• DerTer

    I know I’m coming back a bit late, and this will therefore get very little attention; but it is important to set out the facts. I was never a member of the NILP, but its record on civil rights is well nigh unassailable. In the first place, Erskine Holmes didn’t just appear at a few marches; he was a member of the executive of NICRA. Secondly, the NILP’s MPs at Stormont maintained a steady critique throughout the 60s of electoral malpractice and of Northern Ireland’s other democratic deficiencies. The Party spelled out coherently, long before anyone else, the need for: the consent principle (as eventually enshrined in the Good Friday Agreement); an independent body to undertake the building and fair allocation of public housing; ‘one man, one vote’ in local government elections; independent drawing of constituency boundaries to eliminate gerrymandering; a proportional voting system; and employment equality legislation. Billy Boyd – much vilified for his ‘Sunday Swings’ stance – actually introduced a Racial Discrimination Bill in 1964 that Bill Craig, then Minister of Home Affairs, described as ‘an effort by the NILP to solicit the Roman Catholic vote’. A major achievement was the publication in 1966, together with NIC-ICTU, of the sadly forgotten ‘Joint Memorandum on Citizens Rights’ – described by Bob Purdie in his ‘Politics on the Streets’ as as comprehensive a statement of the eventual civil rights demands as could have been wished for. FJH – you said ‘you had to be there’; you obviously weren’t.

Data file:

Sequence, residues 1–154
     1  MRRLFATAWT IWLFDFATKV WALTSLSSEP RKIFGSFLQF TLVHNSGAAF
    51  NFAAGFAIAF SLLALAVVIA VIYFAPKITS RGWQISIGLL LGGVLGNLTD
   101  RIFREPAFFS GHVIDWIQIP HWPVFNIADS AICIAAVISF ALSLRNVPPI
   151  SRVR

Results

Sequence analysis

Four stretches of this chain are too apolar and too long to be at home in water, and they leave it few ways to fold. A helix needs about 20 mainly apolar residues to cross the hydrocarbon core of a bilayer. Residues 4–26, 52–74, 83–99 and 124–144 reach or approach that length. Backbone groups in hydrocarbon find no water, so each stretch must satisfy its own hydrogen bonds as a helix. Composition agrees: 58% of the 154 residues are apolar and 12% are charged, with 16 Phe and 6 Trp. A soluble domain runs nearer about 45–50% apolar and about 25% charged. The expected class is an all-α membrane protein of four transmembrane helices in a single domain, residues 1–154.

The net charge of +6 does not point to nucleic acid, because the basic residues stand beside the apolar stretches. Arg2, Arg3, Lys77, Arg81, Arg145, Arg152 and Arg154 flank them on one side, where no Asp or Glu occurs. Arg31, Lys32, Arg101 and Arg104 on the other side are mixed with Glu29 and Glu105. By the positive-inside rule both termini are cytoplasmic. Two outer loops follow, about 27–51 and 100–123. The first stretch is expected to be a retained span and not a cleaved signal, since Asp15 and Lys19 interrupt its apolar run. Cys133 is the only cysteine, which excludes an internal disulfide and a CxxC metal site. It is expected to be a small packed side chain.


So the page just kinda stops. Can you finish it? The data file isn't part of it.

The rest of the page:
• Thank you, DerTer @ 8:29 pm: I’m with you much of the way.

    Above all, I’ve never been wholly convinced by the usual explanations (usually appended to convenient denominational divisions and personalities) for the inability of NILP to make a break-through. And my history would go much further back than DerTer @ 8:29 pm. Was it an essential and congenital flaw? Or enemy action?

    “Irksome” Holmes (which is how he was named by the Dublin student lefties) made serious efforts to reach out. He had that psychological moment when it was possible, for the first time, for a NI PM to meet with his RoI counterpart.

    As I dimly recall, “Irksome” and a couple of TCD/UCD types (Bob Mitchell of Kinnegad deserves a nod) set up a cross-border meeting, in Dublin, in the spring of 1966. The aim was to establish an all-Ireland “IALSO”, the Irish Association of Labour Student Organisations. Apart from a boozy night in O’Neill’s in Suffolk Street, that was about it. Sad. But by then the NI comrades had other problems to address.

    One other memory of that: was the rather-disapproving, fresh-faced, dark-haired girl in the corner, who stayed very stumm, the later-more-famed Bernadette?